In fashion, one of the most famous muse and designer pairings was that of Audrey Hepburn and Givenchy, which was immortalised by the Breakfast at Tiffany’s LBD. For a designer, a muse is someone who inspires creativity within the designer, and embodies what the brand is about and the type of consumer they are hoping to attract.

Audrey
Audrey Hepburn and Hubert de Givenchy at the Academy Awards, 1954.

YSL’s most iconic muses:

Betty Catroux

Betty
Betty Catroux and Yves Saint Laurent, Paris, 1970s, Droits réservés

Betty Catroux and Yves Saint Laurent met at a Parisian nightclub in 1967 and their close professional and personal relationship remained consistent for over 50 years until Saint Laurent’s death in 2008. This relationship is recognised as so influential to YSL’s creative process that the Musée Yves Saint Laurent Paris held an exhibition surrounding Betty Catroux’s status as Saint Laurent’s ‘female double’. It was through Catroux’s androgynous look and the mixing of masculine and feminine elements, that YSL defined ‘the unusual codes of femininity and seductiveness’ that remain central to the brand and can be clearly seen in the exquisite tailoring that the brand is known for. The essence of what it means to be a muse is perfectly captured by current director Anthony Vaccarello, who states, ‘She lives and breathes Saint Laurent. An allure, a mystery, an almost nefarious aspect, an elusive yet desirable nature, all that underlies the house’s aura, and you understand the magnitude of it when you meet Betty.’

 

Paloma Picasso

Paloma
Paloma Picasso and Yves Saint Laurent, photographed by Jean Luce Huré.

Paloma Picasso has remained a muse for the YSL brand from Yves Saint Laurent himself to current director Anthony Vaccarello. Vaccarello claims that ‘Paloma Picasso was the only woman who inspired a collection for Yves Saint Laurent’. Before going on to state, ‘Paloma was the only one who really changed Yves Saint Laurent’s perception of fashion… Before, he was really into couture – really into this cute, very perfect silhouette – and when he met her, with her huge red lips, dressed in vintage, she was really new for him. It changed his own style.’ It was this unique vintage style that Paloma wore in the early 70s that inspired the 1971 Scandal collection. By mixing past and present fashions, and masculine and feminine styles, YSL made fashion into a spectacle.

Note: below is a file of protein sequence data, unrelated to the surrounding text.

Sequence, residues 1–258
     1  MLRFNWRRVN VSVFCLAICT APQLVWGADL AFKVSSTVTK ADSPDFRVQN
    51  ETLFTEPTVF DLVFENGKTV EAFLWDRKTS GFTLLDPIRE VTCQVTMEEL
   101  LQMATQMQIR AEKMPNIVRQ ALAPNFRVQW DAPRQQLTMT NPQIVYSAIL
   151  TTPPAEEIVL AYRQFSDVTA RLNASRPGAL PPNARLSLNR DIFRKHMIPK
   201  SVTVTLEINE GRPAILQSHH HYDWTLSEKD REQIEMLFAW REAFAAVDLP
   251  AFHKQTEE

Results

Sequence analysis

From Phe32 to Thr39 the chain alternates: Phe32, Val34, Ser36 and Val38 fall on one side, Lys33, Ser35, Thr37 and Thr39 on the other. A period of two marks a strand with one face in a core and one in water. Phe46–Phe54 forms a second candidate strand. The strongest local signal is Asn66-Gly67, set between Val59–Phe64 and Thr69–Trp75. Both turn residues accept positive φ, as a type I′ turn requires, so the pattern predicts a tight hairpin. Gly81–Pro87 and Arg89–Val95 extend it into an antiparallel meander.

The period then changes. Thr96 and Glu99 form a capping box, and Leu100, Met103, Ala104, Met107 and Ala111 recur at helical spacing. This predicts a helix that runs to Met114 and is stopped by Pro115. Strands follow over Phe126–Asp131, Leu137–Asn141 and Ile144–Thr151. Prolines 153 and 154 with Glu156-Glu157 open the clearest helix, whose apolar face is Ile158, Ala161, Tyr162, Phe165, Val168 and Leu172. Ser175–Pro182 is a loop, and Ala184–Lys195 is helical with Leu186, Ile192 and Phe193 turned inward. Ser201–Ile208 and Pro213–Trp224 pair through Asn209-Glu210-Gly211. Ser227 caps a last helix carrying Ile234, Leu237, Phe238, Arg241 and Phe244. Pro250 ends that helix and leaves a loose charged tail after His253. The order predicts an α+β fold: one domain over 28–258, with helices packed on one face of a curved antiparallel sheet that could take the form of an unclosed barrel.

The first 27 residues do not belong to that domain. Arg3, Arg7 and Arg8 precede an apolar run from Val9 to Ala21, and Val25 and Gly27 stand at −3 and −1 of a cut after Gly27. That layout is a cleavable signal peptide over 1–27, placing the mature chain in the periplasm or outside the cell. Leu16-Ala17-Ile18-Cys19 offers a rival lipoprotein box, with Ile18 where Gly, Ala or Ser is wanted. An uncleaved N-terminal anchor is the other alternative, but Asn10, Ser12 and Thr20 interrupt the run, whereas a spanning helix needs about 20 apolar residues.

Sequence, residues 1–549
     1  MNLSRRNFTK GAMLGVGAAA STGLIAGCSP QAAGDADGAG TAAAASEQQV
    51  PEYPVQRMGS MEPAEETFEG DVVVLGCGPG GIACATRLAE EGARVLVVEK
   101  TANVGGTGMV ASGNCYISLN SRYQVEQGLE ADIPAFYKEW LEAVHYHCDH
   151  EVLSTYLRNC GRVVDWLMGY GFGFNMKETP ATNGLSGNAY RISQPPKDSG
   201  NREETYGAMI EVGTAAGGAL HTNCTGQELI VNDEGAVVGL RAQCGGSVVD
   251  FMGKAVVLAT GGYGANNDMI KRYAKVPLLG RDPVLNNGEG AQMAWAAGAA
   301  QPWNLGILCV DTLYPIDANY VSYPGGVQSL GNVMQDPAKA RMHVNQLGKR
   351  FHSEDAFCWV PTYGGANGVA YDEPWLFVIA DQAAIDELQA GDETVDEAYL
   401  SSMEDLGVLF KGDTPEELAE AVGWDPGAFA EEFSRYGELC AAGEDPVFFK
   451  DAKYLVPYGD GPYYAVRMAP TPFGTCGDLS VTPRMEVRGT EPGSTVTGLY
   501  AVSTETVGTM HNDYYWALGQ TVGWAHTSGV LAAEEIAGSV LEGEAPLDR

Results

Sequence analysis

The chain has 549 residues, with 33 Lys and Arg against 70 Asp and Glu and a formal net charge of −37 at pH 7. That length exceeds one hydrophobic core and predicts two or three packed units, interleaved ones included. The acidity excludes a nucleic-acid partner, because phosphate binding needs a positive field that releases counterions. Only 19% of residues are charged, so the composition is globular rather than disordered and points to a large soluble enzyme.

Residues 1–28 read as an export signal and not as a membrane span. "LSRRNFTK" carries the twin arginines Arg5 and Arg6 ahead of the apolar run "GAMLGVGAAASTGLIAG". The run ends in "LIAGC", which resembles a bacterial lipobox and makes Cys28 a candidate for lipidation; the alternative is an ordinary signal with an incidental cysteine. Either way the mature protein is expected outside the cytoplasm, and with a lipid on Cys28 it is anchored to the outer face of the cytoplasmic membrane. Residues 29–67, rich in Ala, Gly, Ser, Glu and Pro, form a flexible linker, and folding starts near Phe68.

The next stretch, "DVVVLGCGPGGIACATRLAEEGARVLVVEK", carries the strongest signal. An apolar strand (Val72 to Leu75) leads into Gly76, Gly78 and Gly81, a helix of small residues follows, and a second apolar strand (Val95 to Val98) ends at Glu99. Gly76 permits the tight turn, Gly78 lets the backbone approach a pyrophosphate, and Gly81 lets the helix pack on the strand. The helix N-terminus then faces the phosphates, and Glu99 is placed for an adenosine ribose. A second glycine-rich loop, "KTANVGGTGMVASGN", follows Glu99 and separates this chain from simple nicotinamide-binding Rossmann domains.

This iconic 1971 Scandal collection was referenced in the brand’s SS22 collection in which Vaccarello stated he wanted to recreate that exciting, fresh feeling associated with the original collection and Paloma herself, in his collection which marked the, hoped or perceived, end of the pandemic.

YSL
Saint Laurent’s SS22 collection.

 

Mounia

Mounia
Mounia and Yves Saint Laurent on the runway, 1980s.

Mounia made history as the first black model to walk a Haute Couture catwalk in 1978. However, before this, Yves Saint Laurent was drawn to Mounia’s ‘rich complexion and unparalleled grace’ and throughout their collaboration, he drew upon her for friendship, inspiration and creativity. Saint Laurent was committed to showcasing the diversity within his models, and through his continued support, the fashion world as a whole fell in love with Mounia’s elegance. Throughout her career, Mounia wore YSL on the cover of many major magazines and consistently appeared in his collections throughout the 70s and 80s.

 

Rosé

Rose
Rose and Anthony Vaccarello at the 2021 Met Gala.

Blackpink’s Rosé was announced as global brand ambassador for Saint Laurent in 2020, and since then she’s become close friends with Anthony Vaccarello. Vaccarello said of Rosé, ‘She is Saint Laurent in the way she lives, in the way she takes charge of how she dresses, in her way of liberating herself from the crowd… She is someone who represents today’s society.’ In response, Rosé said, ‘I hope I am a muse to him and that he does get a lot of ideas from me…I have very strong opinions, and I think Anthony noticed that.’ So far the duo have most notably appeared side-by-side at the 2021 Met Gala, with Rosé wearing a ready-to-wear black mini dress with an oversized white bow.

 

It will be interesting to see where this partnership goes next!

 

By Rosie Dyer

Sources:

https://www.teenvogue.com/story/blackpink-rose-met-gala-2021

https://www.wmagazine.com/fashion/rose-blackpink-interview-saint-laurent

https://www.teenvogue.com/story/blackpink-rose-saint-laurent-paris-fashion-week

https://www.lofficielusa.com/fashion/who-is-mounia-model-yves-saint-laurent-haute-couture

https://agnautacouture.com/2014/06/29/paloma-picasso-the-seventies-it-girl-inspired-ysl-scandal-collection/

https://museeyslparis.com/en/exhibitions/betty-catroux-yves-saint-laurent

https://fashionista.com/2019/07/fashion-designers-muses-inspiration

https://www.prestigeonline.com/id/style/fashion/the-relationships-between-fashion-designers-and-their-muses/

https://www.greekmythology.com/Other_Gods/The_Muses/the_muses.html

Shoe Fetish: The Glorification of Female Discomfort

ShoesMaddy Plimmer, No Romance on the Pedestal, 2021, Goldsmiths MFA Degree Show, London